As for AC who said that he didn't want to see his bosses password, ever heard of looking away. If nothing else it's common politeness. Or are you the person who reads newspapers over other peoples shoulders?

    The comments here smell of "we have always done it this way and I don't care if it works or not."

    Think about your behaviour in the first place before criticizing because it sounds wrong.

  75. Anonymous Coward
    Anonymous Coward

    hardware tokens

    Give them all hardware tokens that generate nice simple 6 digit codes, integrate them with a smart card that does your access control / windows login too.

    The banks can give us all credit cards with OTP generators on them too, so there will be no more online or mail order fraud.

    Oh but they cost a few quid don't they - never mind, we'll just un-star the password for you to make life easier.

    Security isn't difficult, getting it past the bean counters is.

  76. Tom 9

    This still has me laughing.

    "And yes, I DO keep all my passwords in a file on the shared fileserver here. But it is encrypted with a piece of self-written encryption software."

  77. Real Ale is Best

    Its the browser, stupid!

    If you want to not mask your passwords, use Firefox and the "Show Password" extension.

    How do idiots like this become consultants?

  78. Steve Martins

    autocomplete becomes a hacker tool...

    yes! do it!, then i can go to anyone's computer put the cursor in the password field (assuming its been changed to a text input), then starting with 'a' enter every letter of the alphabet until the browser decides to autocomplete! yay, all your base belong etc...

    on a more sensible note, i have had the misfortune of not having the tab key register and to my horror revealed a password to someone as my hands speedily run through a habitual keystroke combo. I then immediately go and change the pass - not because i don't trust the person, but because the responsibility lies with me, and therefore I must be the only person who knows it. However i was so glad to find that the t9 input on my phone had a cleartext option, else that would have been very annoying!

  79. Toastan Buttar

    @Tim O'Tay

    "Type your comment here — plain text only, no HTML"

    Surely that should read..."Type your password here - plain text only" ?

  80. Admiral Grace Hopper
    Paris Hilton

    Shoulder surfing?

    Why bother? Lift keyboard, read password from Post-It note. Job jobbed.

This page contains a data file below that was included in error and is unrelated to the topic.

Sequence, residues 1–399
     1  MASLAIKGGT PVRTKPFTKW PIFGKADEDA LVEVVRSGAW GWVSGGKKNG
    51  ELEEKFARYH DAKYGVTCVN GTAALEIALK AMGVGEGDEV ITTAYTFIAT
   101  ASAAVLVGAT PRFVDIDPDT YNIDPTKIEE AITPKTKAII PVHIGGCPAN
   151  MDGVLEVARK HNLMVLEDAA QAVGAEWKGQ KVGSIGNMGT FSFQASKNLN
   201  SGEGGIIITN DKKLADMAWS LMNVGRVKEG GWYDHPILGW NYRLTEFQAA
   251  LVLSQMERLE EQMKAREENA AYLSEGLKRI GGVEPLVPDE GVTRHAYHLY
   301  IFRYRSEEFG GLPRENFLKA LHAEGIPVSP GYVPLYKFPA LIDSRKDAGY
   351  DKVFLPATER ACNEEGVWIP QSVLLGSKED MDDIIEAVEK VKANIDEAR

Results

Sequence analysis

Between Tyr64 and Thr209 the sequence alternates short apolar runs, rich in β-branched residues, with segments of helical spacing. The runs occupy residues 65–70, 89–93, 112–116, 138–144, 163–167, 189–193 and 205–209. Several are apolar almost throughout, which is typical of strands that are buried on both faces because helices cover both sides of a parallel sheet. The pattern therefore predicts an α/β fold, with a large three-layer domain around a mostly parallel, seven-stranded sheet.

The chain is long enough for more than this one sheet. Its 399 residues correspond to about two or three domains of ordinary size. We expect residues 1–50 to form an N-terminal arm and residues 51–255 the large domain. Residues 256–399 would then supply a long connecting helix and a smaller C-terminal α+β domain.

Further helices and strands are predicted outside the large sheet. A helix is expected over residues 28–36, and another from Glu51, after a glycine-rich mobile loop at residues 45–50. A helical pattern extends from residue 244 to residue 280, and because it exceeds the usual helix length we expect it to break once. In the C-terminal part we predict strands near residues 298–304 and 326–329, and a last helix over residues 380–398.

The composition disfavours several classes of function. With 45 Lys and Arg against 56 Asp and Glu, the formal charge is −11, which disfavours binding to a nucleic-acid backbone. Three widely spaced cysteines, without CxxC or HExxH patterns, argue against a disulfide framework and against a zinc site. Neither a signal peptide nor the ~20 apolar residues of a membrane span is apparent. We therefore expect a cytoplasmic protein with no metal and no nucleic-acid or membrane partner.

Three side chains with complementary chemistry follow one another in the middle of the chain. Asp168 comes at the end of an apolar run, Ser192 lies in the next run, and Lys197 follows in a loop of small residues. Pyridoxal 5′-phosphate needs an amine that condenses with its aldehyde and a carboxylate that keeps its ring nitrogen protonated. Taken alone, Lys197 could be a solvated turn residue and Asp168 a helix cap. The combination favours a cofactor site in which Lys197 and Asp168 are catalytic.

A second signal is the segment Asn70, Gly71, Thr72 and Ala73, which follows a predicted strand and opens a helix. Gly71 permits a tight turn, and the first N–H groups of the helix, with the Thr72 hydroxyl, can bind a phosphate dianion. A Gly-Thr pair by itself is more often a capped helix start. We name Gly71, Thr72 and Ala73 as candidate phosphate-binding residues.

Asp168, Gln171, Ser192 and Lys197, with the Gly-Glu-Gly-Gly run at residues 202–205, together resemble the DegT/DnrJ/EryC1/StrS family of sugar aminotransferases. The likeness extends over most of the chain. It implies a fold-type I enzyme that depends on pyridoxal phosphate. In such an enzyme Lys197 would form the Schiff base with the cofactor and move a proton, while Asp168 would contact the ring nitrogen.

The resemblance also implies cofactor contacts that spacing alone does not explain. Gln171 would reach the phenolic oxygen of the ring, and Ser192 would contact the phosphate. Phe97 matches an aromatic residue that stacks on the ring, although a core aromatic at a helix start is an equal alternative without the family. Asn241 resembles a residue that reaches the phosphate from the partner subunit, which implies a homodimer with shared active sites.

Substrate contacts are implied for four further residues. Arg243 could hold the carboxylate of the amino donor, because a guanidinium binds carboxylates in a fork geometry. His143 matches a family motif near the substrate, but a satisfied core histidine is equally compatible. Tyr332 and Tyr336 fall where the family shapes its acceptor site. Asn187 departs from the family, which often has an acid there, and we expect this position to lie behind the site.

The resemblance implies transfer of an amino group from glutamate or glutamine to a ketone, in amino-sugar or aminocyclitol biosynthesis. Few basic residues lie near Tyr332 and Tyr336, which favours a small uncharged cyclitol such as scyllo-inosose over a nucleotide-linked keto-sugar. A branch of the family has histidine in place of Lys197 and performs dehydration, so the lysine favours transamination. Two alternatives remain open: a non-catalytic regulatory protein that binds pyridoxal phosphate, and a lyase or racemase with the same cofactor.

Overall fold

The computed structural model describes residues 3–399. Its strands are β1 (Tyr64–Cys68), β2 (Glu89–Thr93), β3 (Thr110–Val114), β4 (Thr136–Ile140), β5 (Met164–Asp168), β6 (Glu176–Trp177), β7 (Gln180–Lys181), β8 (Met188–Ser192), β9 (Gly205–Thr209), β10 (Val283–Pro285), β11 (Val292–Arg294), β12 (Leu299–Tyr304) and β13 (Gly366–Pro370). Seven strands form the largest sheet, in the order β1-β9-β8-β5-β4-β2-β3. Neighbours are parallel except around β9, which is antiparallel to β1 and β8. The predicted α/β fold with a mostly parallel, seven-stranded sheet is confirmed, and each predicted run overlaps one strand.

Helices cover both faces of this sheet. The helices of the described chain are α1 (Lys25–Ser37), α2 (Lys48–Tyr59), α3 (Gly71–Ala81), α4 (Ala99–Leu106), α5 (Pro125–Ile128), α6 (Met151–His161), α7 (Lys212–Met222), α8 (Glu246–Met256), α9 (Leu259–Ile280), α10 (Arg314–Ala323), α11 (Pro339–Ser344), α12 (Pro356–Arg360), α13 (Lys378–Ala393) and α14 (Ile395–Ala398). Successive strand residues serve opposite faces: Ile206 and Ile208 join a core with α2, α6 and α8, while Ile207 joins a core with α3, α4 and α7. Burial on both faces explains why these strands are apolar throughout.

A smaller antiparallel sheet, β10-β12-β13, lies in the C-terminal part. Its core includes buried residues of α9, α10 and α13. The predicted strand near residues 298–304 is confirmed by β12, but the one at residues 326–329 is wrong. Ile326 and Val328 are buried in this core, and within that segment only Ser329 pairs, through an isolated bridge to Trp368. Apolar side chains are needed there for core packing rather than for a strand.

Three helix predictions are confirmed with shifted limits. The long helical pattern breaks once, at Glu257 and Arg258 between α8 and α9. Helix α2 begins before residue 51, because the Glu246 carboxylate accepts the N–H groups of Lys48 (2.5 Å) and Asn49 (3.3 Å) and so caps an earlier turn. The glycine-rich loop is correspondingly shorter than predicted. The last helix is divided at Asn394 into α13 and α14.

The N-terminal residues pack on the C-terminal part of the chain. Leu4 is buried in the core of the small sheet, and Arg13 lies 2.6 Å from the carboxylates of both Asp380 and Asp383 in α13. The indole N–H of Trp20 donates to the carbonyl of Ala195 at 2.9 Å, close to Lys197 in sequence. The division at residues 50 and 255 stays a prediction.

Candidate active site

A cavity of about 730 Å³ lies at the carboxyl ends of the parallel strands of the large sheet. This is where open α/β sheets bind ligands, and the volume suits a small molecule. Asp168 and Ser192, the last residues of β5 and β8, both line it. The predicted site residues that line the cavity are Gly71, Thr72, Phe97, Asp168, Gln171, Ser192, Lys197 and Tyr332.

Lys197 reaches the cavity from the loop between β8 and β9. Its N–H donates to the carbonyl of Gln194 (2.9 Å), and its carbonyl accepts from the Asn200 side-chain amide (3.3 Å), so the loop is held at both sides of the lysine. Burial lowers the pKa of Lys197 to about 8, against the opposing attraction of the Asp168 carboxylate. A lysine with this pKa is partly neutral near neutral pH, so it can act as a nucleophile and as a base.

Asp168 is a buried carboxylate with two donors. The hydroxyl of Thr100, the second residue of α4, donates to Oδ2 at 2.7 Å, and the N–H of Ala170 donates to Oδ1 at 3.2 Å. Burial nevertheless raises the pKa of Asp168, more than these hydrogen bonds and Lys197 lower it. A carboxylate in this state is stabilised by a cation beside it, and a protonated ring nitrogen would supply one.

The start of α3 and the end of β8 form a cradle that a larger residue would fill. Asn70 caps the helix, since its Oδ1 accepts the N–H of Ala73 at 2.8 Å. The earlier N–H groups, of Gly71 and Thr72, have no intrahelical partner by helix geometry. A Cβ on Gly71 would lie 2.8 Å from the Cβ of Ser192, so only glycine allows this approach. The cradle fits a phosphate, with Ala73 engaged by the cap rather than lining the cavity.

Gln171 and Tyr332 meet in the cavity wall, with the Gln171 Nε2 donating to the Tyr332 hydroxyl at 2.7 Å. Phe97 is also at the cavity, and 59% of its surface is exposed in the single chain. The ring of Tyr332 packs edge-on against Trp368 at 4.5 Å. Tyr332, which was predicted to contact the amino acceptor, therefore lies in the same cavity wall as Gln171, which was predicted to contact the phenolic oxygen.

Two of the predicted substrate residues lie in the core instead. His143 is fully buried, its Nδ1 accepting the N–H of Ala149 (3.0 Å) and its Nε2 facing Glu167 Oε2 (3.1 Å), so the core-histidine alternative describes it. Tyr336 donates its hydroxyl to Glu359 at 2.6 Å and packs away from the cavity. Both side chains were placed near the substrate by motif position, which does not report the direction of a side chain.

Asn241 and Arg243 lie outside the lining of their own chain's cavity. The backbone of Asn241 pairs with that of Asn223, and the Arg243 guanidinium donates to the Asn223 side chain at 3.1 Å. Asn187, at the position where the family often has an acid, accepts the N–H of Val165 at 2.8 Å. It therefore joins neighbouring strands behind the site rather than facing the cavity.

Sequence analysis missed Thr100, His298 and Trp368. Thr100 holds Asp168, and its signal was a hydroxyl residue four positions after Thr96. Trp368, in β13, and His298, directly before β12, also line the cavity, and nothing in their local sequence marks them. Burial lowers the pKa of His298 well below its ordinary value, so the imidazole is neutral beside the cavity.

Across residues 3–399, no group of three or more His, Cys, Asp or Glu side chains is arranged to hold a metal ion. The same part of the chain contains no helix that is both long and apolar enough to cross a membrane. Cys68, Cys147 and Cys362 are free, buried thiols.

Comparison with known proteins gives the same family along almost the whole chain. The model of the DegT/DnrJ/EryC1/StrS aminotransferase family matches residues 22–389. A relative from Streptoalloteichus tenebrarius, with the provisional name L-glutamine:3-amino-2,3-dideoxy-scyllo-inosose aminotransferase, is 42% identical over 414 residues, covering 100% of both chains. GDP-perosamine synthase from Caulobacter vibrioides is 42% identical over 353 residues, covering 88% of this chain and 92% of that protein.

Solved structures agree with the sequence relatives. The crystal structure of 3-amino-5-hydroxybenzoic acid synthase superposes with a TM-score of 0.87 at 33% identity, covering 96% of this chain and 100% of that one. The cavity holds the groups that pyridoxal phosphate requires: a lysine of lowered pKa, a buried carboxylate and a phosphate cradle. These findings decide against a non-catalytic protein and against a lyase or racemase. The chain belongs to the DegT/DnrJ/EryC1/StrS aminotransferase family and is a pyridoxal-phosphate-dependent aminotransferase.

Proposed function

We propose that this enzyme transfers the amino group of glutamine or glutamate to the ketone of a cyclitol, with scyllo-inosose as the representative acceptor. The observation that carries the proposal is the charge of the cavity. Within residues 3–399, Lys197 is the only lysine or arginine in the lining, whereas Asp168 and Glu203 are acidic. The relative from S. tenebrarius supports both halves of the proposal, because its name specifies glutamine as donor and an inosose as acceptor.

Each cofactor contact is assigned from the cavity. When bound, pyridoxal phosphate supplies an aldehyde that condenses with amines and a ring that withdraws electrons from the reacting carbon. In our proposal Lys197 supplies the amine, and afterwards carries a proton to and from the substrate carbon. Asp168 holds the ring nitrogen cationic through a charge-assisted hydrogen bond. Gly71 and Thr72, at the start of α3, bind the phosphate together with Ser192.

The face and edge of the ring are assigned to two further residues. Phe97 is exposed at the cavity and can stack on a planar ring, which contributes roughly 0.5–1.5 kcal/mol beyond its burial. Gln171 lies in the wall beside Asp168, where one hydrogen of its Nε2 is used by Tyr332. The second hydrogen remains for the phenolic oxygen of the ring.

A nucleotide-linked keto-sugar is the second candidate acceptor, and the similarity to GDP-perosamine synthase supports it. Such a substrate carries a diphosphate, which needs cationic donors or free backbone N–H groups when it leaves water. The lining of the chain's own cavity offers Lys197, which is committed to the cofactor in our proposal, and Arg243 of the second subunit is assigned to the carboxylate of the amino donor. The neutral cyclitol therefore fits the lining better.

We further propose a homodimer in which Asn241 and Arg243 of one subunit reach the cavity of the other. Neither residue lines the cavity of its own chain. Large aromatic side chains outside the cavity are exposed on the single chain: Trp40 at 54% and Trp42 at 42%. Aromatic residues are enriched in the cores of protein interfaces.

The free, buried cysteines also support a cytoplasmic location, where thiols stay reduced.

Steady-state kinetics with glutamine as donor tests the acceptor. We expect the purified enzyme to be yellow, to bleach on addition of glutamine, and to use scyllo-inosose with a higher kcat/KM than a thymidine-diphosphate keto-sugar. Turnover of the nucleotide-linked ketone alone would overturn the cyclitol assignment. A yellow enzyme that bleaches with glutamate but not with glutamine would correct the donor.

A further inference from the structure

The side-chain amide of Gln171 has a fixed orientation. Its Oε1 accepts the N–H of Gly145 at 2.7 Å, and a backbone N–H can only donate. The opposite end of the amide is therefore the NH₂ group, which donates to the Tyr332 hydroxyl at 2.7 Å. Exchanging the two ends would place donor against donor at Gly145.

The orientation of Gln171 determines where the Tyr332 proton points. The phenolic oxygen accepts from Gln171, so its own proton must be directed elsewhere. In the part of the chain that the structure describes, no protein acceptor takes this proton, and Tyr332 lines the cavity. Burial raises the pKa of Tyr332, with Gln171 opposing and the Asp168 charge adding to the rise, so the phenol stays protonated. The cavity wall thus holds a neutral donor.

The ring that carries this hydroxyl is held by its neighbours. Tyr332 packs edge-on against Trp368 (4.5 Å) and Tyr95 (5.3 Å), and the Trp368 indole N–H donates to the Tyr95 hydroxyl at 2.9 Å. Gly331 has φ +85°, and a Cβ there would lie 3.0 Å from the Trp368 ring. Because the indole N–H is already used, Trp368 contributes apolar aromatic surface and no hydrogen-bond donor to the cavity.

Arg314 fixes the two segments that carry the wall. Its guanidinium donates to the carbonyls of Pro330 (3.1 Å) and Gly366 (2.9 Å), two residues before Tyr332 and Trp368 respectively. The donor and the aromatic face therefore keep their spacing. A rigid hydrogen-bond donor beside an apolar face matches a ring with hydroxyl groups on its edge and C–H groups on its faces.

Paris, as she displays the same lvel of concern about security as most of my user population.

  81. Mostor Astrakan

    And another thing...

    There's websites where you have to type in your email address *twice*, and it complains if they're not identical, just like the standard way of changing passwords. For obscured passwords, it makes perfect sense, because you can't see what you're typing. By typing it in twice, you have some degree of certainty that the password you just put in its the one you think you typed. But for *email addresses*?

  82. iamapizza


    The real world called. That is all.

  83. Bernie 2

    @ AC 08:23

    "bearing in mind, most people reuse the same password for pretty much everything"

    Are people really that dumb?

    At least choose different log in details for different groups of sites (e.g. financial, social networking, forums etc) jeez

  84. Tim Bergel

    I was going to say

    what a completely stupid idea this was, but everyone else has got there first.

  85. Daniel Bennett



    That is all.

  86. Not That Andrew

    All aboard the failboat!

    This is a remarkably stupid idea. But everyone is acting like the idiots in question want it to to apply to all password inputs everywhere, not just websites. Either that or they use the same password as their admin password, online banking password and at the russian donkey pron website.

  87. Anonymous Coward

    The other reason for input type=password...

    If a form field is set as type=password, the web browser won't remember the contents of that field if you navigate back to the page via the browser history/back button. You also can't copy text out of these fields (you get a string of **** characters).

    If websites started using input type=text in place of password then it'd introduce more issues than shoulder-surfing...

  88. Anonymous Coward
    Anonymous Coward

    Not mutually exclusive...

    For the home user at least, this is a non-issue.

    I have several medical problems, including slight aphasia, after a small stroke some years ago. I find the typing of passwords a real problem. In Firefox I run an add-on called Unhide Passwords, which allows me to edit passwords as I go - a real bonus for me. There's no-one to look over my shoulder, so security in that respect isn't an issue. If I was sitting in a crowded office, then it might be another matter.